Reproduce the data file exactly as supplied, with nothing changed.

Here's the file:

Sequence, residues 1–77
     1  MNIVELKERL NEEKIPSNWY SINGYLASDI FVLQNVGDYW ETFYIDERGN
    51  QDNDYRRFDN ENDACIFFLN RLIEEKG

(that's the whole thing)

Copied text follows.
Sequence, residues 1–77
     1  MNIVELKERL NEEKIPSNWY SINGYLASDI FVLQNVGDYW ETFYIDERGN
    51  QDNDYRRFDN ENDACIFFLN RLIEEKG